Since the inception of the Bermuda Program in 1976, more than 150 young Bermudians have taken part in the annual summer internship at BIOS, and many apply their experiences toward university studies in science, as well as science-based careers.
In 1989, at age 17, Joanna Sherratt was one of those students when she spent a summer studying the chemical composition of seawater. The program helped her fine-tune her interest in science; she realized that ocean science research wasn’t her passion, and that realization helped clarify her thinking as she pursued her long-term goal of becoming a medical doctor. She studied at the University of Nottingham then spent six years as a medical officer in the Royal Air Force in England. In 2011 she returned to Bermuda with her husband, Martin Wyer, and their two children. She now practices family medicine with Somers Medical Services in downtown Hamilton.
When you were growing up, and attending school in Bermuda, was there a specific science field that captured your attention?
I was always interested in science. In fact, I just liked learning. I had some wonderful science teachers at the Bermuda High School for Girls (known as BHS). My physics teacher, Mr. James, had a way of explaining things so that I just got it the first time, every time. And Mrs. Simmons (previously Gabisi) was inspiring; she could see how much I loved to learn, and told my mum I should aim for Oxford one day.
Did you have other interests, in addition to science?
I was, and still am, heavily into music. So I was always carrying a huge bag of schoolbooks, plus a cello and a bag of music notes, to and from school. When I turned 16 and was riding a bike, my mum had to deliver my cello to school. Also at age 16, I went to the United Kingdom to do A-levels, and studied biology, chemistry, and mathematics while on a music scholarship, and then followed that up by doing my first degree in philosophy, politics, and economics at Oxford. It was not the obvious degree for a scientist, but I have always enjoyed a range of subjects.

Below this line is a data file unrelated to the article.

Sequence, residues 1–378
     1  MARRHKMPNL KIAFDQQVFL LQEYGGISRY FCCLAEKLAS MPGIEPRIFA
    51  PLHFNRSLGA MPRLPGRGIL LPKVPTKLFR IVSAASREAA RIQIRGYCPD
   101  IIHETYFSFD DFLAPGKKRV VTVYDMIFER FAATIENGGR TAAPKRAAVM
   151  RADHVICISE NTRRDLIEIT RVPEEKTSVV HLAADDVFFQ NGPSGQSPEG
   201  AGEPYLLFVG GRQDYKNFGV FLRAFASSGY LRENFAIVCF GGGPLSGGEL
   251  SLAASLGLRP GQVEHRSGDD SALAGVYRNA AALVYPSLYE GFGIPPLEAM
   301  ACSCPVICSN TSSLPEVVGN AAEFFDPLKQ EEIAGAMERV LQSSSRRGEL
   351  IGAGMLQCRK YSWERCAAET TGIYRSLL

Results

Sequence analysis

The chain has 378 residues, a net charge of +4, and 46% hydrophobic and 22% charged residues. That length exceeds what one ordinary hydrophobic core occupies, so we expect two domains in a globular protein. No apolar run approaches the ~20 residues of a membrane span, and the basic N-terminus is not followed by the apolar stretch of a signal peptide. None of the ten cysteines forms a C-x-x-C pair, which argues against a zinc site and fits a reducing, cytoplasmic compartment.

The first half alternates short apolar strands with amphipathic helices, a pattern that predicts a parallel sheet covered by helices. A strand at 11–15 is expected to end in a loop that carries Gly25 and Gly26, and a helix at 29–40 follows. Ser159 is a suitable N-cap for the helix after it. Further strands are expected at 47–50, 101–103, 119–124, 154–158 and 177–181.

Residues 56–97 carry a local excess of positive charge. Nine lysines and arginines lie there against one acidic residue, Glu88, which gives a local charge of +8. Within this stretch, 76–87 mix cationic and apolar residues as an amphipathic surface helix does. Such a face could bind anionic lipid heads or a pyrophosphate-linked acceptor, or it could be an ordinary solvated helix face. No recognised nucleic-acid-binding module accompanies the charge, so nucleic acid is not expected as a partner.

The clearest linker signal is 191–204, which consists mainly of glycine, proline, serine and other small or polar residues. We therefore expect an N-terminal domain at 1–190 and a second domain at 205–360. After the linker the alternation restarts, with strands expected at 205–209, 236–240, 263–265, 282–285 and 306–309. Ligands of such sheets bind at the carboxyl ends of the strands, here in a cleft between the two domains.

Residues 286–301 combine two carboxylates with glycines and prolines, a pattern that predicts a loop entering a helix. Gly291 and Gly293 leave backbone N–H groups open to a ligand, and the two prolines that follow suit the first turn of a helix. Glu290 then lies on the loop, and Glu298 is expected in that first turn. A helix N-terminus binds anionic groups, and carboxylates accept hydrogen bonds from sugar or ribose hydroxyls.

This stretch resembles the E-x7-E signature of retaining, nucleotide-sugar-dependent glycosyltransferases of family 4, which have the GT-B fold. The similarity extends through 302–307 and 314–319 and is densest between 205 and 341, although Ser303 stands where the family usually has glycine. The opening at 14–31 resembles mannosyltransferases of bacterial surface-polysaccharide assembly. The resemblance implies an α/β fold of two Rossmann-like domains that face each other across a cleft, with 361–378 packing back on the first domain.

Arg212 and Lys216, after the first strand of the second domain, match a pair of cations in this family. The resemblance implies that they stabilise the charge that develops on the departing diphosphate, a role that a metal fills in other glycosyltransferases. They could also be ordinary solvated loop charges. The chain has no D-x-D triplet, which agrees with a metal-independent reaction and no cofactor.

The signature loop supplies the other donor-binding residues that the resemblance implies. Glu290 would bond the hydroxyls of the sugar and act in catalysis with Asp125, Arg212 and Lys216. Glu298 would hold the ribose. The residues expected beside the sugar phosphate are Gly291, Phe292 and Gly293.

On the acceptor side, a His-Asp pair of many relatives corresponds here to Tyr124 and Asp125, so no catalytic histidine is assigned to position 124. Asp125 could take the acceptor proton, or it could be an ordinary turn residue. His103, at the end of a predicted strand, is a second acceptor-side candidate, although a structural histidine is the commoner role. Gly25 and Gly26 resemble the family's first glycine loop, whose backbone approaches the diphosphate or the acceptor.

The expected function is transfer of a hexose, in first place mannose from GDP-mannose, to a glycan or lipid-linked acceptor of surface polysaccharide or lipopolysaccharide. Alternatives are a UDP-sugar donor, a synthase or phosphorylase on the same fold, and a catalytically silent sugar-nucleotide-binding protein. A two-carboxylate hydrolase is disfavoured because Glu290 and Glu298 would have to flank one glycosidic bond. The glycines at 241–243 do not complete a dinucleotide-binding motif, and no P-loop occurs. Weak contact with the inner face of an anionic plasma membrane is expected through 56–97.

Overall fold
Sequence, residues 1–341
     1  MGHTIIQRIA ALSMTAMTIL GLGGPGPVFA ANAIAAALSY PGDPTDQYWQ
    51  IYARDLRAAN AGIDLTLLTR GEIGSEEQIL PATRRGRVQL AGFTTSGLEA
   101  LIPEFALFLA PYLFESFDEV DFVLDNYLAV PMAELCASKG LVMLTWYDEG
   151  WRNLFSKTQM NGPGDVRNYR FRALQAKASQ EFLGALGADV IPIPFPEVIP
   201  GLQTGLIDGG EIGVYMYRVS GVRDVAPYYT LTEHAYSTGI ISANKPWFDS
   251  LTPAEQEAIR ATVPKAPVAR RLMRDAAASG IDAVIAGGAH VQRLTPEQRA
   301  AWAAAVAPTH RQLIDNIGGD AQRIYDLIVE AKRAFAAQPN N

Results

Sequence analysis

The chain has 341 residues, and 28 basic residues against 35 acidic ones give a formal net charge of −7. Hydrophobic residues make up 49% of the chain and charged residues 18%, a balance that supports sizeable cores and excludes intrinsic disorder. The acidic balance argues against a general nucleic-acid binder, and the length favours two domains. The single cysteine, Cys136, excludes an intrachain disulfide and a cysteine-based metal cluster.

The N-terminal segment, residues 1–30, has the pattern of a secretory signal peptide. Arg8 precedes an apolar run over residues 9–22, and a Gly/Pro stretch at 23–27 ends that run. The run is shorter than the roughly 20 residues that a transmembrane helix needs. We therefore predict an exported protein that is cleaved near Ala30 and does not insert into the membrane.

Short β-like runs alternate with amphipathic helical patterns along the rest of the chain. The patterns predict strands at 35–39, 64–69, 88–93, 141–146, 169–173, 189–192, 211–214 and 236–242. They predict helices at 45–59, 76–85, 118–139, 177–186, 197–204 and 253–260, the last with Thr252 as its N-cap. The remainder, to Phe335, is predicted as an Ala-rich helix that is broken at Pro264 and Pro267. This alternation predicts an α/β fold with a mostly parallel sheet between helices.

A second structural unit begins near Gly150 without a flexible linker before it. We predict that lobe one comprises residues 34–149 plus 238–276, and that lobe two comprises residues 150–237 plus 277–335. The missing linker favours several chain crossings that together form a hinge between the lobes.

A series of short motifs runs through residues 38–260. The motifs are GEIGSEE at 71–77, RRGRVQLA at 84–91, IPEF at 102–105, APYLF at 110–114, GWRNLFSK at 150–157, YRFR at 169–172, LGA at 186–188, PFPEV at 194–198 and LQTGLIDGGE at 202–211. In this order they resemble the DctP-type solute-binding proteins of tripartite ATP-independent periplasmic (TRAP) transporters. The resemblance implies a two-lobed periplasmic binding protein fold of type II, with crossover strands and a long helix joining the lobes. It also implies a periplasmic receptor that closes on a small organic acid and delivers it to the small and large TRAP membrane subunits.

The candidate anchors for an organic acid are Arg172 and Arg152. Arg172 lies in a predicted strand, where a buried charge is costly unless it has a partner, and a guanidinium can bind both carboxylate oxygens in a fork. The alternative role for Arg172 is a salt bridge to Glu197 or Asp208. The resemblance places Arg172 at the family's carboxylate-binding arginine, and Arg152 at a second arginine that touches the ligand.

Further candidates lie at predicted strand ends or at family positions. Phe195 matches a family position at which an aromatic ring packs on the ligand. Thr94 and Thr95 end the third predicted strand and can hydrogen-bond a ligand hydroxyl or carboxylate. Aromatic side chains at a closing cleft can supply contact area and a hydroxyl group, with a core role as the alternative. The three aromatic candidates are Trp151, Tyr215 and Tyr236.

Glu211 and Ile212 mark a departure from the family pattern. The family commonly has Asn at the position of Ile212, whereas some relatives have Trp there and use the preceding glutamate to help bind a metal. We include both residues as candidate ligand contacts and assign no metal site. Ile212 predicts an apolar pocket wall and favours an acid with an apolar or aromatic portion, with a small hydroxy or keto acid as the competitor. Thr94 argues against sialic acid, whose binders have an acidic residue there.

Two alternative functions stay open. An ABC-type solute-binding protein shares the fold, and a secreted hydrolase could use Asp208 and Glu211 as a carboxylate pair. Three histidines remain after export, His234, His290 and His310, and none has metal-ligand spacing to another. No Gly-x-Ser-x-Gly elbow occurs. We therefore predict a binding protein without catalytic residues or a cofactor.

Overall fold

Please describe your experience with the Bermuda Program.
At age 17, I spent a summer working at BIOS. I was between my first and second years of A-levels in the U.K., and had been asked to do a project to submit as part of our final assessment. We were expected to turn it in at the end of the summer. I spent the summer doing the same experiment twice daily and compiling all my results, and then I wrote up the project before returning to school. I proudly returned, only to find that just one other student had done their project over the summer, and in the interim the school had changed the curriculum so that it was no longer a required part of the final assessments. However, I do remember winning the school prize that year, and it was certainly a good lesson in the rigors of research. When it came to doing a research project as part of my medical degree, I certainly had a head start in knowing what I was going to be expected to do.
Any memorable lessons learned from your time with the Bermuda Program?
I remember coming away with a profound sense of respect for scientists, but similarly a realization that being a research scientist was not a field I was keen to pursue. I discovered that it can be a lonely field sometimes. Years later, when I did study medicine as a mature student, my experience helped me to shape the field of medicine I wanted to work in, and I chose to practice family medicine, a field that has a huge variety on a daily basis and plenty of face-to-face contact.
As a parent, are you encouraging your children to pursue science, too?
My children are ages 9 and 7, so they are a bit young for programs through BIOS at this time. However, the ocean fascinates them and they already enjoy snorkeling. I have no doubt they will want to become involved at BIOS as soon as they are old enough.